How to get to Jinshanling Great Wall from Beijing by public transport (and save $$$)

Visiting the Great Wall is, well, great. But it can be busy and expensive. And tours to the less busy places like Jinshanlin can be even more expensive. At my hostel a tour to Jinshanjing would set you back 345 Chinese RMB which is about £25-35, or $40-50. Which seems a bit much. Luckily there is way to get there independently, which is significantly cheaper, and fairly idiot proof. (Well I managed it at least…)

How to get to Jinshanling Great Wall by public transport…

 

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7 thoughts on “How to get to Jinshanling Great Wall from Beijing by public transport (and save $$$)”

  1. Very useful thanks. I am travelling to this part of the wall next week and i will also use this route. Keep up the good work!

  2. Thanks so much for this blog. I used your advice to go trail running at JSL. The public bus worked great and is still current as if this date (May 31, 2015). For the average person going to JSL it may be easier to just take the tourist bus from Wangjing West bus terminal at 0800, which goes direct to the JSL main entrance- no fooling around at the highway rest area. It really is to far to walk to the main entrance and I ran by some fairly vicious looking dogs (thankfully tied up), but the east entrance is an easy 2 k from the rest area. Recommended course is walk from rest area to JSL East entrance, climb up to the wall, hike the wall to the Zhuanduokou pass, then walk down the roadway to the main entrance and car back to the rest area. It’s a fairly vigorous hike with many steps. Once again thanks so much for this very helpful post. John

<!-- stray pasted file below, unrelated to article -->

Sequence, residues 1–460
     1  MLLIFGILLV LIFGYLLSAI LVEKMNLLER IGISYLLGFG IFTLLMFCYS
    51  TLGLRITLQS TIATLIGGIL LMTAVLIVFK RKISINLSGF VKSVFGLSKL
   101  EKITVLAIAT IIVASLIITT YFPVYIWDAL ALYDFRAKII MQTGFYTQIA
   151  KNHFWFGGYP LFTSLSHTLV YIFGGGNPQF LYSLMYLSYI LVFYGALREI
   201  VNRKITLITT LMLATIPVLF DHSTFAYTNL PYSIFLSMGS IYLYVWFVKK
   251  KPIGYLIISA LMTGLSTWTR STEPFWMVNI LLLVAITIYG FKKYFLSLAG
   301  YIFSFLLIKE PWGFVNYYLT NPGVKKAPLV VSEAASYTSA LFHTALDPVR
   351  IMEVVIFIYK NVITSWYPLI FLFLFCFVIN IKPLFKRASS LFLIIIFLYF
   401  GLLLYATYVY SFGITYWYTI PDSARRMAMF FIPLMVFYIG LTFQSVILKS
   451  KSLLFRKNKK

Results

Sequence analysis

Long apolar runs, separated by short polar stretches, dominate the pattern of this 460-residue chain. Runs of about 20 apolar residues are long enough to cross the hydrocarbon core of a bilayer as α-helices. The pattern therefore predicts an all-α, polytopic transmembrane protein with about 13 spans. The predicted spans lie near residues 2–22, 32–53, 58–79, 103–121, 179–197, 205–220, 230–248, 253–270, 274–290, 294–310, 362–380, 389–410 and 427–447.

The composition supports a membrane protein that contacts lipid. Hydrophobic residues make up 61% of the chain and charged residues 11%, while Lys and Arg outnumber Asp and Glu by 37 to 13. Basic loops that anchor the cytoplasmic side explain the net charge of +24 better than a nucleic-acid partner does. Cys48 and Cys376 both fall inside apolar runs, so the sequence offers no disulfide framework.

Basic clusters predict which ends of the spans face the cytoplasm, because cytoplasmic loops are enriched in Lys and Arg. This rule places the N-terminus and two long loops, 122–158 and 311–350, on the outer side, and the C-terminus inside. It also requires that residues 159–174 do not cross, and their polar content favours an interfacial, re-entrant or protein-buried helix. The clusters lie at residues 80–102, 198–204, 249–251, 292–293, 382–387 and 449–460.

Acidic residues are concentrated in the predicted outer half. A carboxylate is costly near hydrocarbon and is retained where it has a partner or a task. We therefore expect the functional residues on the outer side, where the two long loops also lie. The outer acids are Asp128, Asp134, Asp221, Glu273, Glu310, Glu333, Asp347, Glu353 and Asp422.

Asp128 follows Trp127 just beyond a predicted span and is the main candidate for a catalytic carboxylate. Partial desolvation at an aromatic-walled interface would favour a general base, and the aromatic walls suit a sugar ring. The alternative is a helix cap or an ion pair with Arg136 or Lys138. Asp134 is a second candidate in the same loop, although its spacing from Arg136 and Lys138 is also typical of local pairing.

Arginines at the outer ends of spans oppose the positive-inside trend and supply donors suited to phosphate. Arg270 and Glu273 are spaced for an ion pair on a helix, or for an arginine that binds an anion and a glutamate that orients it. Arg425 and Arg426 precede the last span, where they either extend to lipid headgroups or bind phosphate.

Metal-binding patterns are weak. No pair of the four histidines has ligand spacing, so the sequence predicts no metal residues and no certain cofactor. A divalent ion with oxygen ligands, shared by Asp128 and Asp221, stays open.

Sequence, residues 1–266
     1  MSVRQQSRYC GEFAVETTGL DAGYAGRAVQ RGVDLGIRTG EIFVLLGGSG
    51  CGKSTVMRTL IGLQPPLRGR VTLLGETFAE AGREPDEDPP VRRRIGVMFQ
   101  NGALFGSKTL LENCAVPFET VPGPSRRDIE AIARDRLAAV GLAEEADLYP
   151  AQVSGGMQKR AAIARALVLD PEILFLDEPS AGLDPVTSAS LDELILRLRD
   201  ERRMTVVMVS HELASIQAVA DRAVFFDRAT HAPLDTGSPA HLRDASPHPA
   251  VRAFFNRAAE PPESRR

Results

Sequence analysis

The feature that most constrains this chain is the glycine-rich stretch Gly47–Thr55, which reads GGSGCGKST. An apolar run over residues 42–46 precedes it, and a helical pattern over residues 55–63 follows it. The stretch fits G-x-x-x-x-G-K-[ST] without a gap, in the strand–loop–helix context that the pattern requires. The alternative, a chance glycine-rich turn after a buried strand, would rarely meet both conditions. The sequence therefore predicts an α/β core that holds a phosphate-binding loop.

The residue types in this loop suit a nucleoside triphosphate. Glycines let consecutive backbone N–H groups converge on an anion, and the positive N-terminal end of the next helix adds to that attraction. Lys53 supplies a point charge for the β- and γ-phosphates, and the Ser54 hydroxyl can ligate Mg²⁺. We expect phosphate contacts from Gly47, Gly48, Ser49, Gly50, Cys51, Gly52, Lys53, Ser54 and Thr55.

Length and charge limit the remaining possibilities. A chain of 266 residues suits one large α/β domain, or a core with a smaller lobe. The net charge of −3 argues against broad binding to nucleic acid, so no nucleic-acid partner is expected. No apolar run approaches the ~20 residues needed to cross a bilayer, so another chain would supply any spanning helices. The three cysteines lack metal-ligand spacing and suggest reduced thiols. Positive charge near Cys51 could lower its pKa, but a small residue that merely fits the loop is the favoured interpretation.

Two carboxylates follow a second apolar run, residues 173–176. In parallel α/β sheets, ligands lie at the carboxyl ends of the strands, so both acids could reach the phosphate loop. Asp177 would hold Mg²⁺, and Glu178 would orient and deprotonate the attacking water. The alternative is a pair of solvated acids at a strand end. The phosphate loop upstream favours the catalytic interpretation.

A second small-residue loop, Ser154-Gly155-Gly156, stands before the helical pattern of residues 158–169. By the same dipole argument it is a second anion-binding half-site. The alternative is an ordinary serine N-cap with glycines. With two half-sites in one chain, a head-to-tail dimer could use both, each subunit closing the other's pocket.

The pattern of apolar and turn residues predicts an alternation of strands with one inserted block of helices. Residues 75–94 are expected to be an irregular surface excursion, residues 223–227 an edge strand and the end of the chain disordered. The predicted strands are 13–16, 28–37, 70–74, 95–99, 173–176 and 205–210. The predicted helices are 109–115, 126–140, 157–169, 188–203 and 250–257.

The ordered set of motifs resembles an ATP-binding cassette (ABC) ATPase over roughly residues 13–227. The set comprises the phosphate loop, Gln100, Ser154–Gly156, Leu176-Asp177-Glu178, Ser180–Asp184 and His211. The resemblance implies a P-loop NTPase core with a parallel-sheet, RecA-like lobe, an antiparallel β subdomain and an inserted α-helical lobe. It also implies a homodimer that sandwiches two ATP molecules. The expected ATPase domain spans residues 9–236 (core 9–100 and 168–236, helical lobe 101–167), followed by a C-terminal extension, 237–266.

3. Thanks so much for these awesome directions! They worked perfectly. FYI, the shuttle back is at 15:00 – and the free shuttle is only there for the tourist bus. If you arrive on any other bus (like I did), you are at the mercy of the taxi driver waiting for the bus to stop. I paid 25 yuan for a drive to the east entrance.

    Also worth noting – you can no longer walk from Jinshaling to Simatai. So if people are planning that, make other plans 🙂

    1. Thanks for your kind words. Yes it seems the route to Simatai has been closed for a while. Although if you have good shoes and a sense of adventure walking towards the start of Simatai does take you over unrestored bits of the wall which an be fun! (but you do genuinely need to be careful!)
      By the way in case you’ve found my blog interesting I’ve moved it to http://www.noflytripping.com

    1. I think its something like 70-90 minutes. Similar for the way back, but because you will use the metro to get back to your hostel/hotel you will beat all the traffic that the tour buses will get stuck in.

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